The struggle is invisible, but real
The contrast between expectations and actual ability is stark but invisible when it comes to ADHD. Individuals with ADHD don’t have any outwardly visible signs of having a disability. So, what happens is that ADHD behaviors are often interpreted as willful, defiant, oppositional, disobedient, and disrespectful. I think this is toughest for kids with ADHD in the classroom environment. Teachers are not required to learn much about ADHD and learning disabilities, so kids with behavioral and developmental disorders often look like “bad” kids. I want so badly to change that.
10 things kids with ADHD wish teachers knew
- The struggle is real. I’m trying hard to not be different from my classmates and friends. It takes a lot of work to look like I don’t have any problems at school.
- Things are a lot more complex to me than you imagine. What is intuitive to you is a long and difficult thought process that I often don’t have time for.
- I worry a lot! I am constantly worried that I’ll look different, that I’ll forget my homework or to turn it in, that I might say something wrong, or that I’ll get in trouble. I probably worry almost every minute I’m at school. Sometimes that makes me tell wild stories to try to get out of school.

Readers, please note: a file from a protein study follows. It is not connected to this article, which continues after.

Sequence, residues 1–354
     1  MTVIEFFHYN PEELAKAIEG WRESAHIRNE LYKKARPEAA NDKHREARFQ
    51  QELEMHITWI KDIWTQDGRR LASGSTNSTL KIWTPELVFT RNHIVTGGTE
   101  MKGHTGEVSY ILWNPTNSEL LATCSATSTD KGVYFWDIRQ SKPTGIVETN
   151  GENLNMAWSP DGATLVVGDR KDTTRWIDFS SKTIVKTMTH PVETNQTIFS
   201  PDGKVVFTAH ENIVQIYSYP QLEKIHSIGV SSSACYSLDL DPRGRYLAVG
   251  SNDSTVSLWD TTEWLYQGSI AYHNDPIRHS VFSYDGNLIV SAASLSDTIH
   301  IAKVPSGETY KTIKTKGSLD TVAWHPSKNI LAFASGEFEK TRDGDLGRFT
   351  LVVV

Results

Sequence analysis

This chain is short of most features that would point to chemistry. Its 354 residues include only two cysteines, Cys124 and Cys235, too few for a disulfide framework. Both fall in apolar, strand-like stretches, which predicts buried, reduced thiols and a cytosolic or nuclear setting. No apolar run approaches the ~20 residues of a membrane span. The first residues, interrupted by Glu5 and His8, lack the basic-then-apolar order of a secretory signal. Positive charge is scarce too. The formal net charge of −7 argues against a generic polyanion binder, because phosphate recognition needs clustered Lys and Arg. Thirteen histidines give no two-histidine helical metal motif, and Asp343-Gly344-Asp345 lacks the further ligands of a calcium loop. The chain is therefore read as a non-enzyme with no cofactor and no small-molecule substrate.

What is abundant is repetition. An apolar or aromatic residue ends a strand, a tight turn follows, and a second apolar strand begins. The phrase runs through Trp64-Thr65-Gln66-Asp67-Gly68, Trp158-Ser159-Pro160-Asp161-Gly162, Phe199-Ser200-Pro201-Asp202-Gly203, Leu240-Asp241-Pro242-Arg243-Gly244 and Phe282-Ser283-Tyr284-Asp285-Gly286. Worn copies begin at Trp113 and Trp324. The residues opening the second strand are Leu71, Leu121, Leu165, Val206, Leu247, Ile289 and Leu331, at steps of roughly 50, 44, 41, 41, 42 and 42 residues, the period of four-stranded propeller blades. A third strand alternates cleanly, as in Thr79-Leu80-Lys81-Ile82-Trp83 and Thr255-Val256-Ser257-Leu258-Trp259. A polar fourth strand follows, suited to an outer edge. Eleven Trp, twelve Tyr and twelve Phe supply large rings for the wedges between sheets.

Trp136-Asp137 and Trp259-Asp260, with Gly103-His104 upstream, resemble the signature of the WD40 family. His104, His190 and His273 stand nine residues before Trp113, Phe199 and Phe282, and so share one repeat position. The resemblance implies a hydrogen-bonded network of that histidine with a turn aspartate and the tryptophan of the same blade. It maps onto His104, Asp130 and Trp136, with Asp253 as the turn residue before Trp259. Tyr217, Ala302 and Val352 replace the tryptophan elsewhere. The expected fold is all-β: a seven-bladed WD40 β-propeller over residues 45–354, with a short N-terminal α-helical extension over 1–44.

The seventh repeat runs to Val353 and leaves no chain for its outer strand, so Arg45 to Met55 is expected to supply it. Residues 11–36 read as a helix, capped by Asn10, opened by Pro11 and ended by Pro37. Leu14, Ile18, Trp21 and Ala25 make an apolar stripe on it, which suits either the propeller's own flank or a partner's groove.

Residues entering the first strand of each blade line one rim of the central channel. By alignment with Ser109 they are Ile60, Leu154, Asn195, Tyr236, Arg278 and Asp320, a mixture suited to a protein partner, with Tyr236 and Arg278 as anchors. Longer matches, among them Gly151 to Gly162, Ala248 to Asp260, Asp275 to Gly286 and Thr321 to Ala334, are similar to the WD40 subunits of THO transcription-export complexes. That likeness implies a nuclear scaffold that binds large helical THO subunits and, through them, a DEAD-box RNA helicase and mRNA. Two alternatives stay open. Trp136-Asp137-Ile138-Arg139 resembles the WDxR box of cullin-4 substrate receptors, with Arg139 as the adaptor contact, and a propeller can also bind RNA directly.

- I feel stupid when I can’t accomplish what my peers can. I’m probably not stupid, but I sure feel like it when things are hard for me but simple for others.
- I’m emotionally sensitive. I might look like a cry-baby, but I feel things very deeply.
- I am a very literal kid. I cannot tell when my friends are teasing . I take everything they say and do at face-value. I often feel like my friends are being mean to me.
- I am smart! When given the time to fully process or a way to show what I know that doesn’t involve completing a worksheet, I can really shine. Give me the opportunity to surprise you.
- I am not lazy! There’s a lot more going on in my mind than most people. Plus, I struggle with planning, sequencing and organization. That can slow me down or make me not want to do the work. And my ADHD brain is interest-based — I can focus better on the assignment when it interests me.
- My weaknesses often make me feel like a failure. You can help me a lot just by believing in me and encouraging me.
- I do not intend to make you angry. I want to do well. I deserve love and respect, just like my neurotypical peers.
Author: Penny Williams
Penny Williams guides and mentors parents raising kids with ADHD and/or autism. She’s the parent of a son with ADHD and autism, and the author of three award-winning books on parenting kids with ADHD: Boy Without Instructions, What to Expect When Parenting Children with ADHD, and The Insider’s Guide to ADHD Penny is the current editor of ParentingADHDandAutism.com, Founder and Instructor for The Parenting ADHD & Autism Academy, and a frequent contributor on parenting and children with ADHD for ADDitude Magazine and other parenting and special needs publications.